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Impact of faults on the remote stress state

Reiter, Karsten ; Heidbach, Oliver ; Ziegler, Moritz O. (2024)
Impact of faults on the remote stress state.
In: Solid Earth, 2024, 15 (2)
doi: 10.26083/tuprints-00027296
Article, Secondary publication, Publisher's Version

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Item Type: Article
Type of entry: Secondary publication
Title: Impact of faults on the remote stress state
Language: English
Date: 7 May 2024
Place of Publication: Darmstadt
Year of primary publication: 22 February 2024
Place of primary publication: Göttingen
Publisher: Copernicus Publications
Journal or Publication Title: Solid Earth
Volume of the journal: 15
Issue Number: 2
DOI: 10.26083/tuprints-00027296
Corresponding Links:
Origin: Secondary publication DeepGreen

The impact of faults on the contemporary stress field in the upper crust has been discussed in various studies. Data and models clearly show that there is an effect, but so far, a systematic study quantifying the impact as a function of distance from the fault is lacking. In the absence of data, here we use a series of generic 3-D models to investigate which component of the stress tensor is affected at which distance from the fault. Our study concentrates on the far field, located hundreds of metres from the fault zone. The models assess various techniques to represent faults, different material properties, different boundary conditions, variable orientation, and the fault's size. The study findings indicate that most of the factors tested do not have an influence on either the stress tensor orientation or principal stress magnitudes in the far field beyond 1000 m from the fault. Only in the case of oblique faults with a low static friction coefficient of μ=0.1 can noteworthy stress perturbations be seen up to 2000 m from the fault. However, the changes that we detected are generally small and of the order of lateral stress variability due to rock property variability. Furthermore, only in the first hundreds of metres to the fault are variations large enough to be theoretically detected by borehole-based stress data when considering their inherent uncertainties. This finding agrees with robust stress magnitude measurements and stress orientation data. Thus, in areas where high-quality and high-resolution data show gradual and continuous stress tensor rotations of >20° observed over lateral spatial scales of 10 km or more, we infer that these rotations cannot be attributed to faults. We hypothesize that most stress orientation changes attributed to faults may originate from different sources such as density and strength contrasts.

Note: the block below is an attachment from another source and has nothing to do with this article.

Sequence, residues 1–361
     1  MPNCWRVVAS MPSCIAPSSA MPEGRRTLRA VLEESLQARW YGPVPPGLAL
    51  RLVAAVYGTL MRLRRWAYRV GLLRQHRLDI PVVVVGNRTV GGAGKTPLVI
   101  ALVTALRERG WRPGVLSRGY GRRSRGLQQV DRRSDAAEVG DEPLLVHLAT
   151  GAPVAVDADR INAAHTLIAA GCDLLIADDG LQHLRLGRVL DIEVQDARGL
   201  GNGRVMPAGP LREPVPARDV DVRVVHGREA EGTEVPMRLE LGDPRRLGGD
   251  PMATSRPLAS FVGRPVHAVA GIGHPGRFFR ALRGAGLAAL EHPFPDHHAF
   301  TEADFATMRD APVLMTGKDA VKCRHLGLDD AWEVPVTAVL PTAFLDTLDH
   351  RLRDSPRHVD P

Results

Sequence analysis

Status: Publisher's Version
URN: urn:nbn:de:tuda-tuprints-272961
Classification DDC: 500 Science and mathematics > 550 Earth sciences and geology
Divisions: 11 Department of Materials and Earth Sciences > Earth Science > Engineering Geology
Date Deposited: 07 May 2024 09:53
Last Modified: 07 May 2024 09:54
SWORD Depositor: Deep Green
URI: https://tuprints.ulb.tu-darmstadt.de/id/eprint/27296
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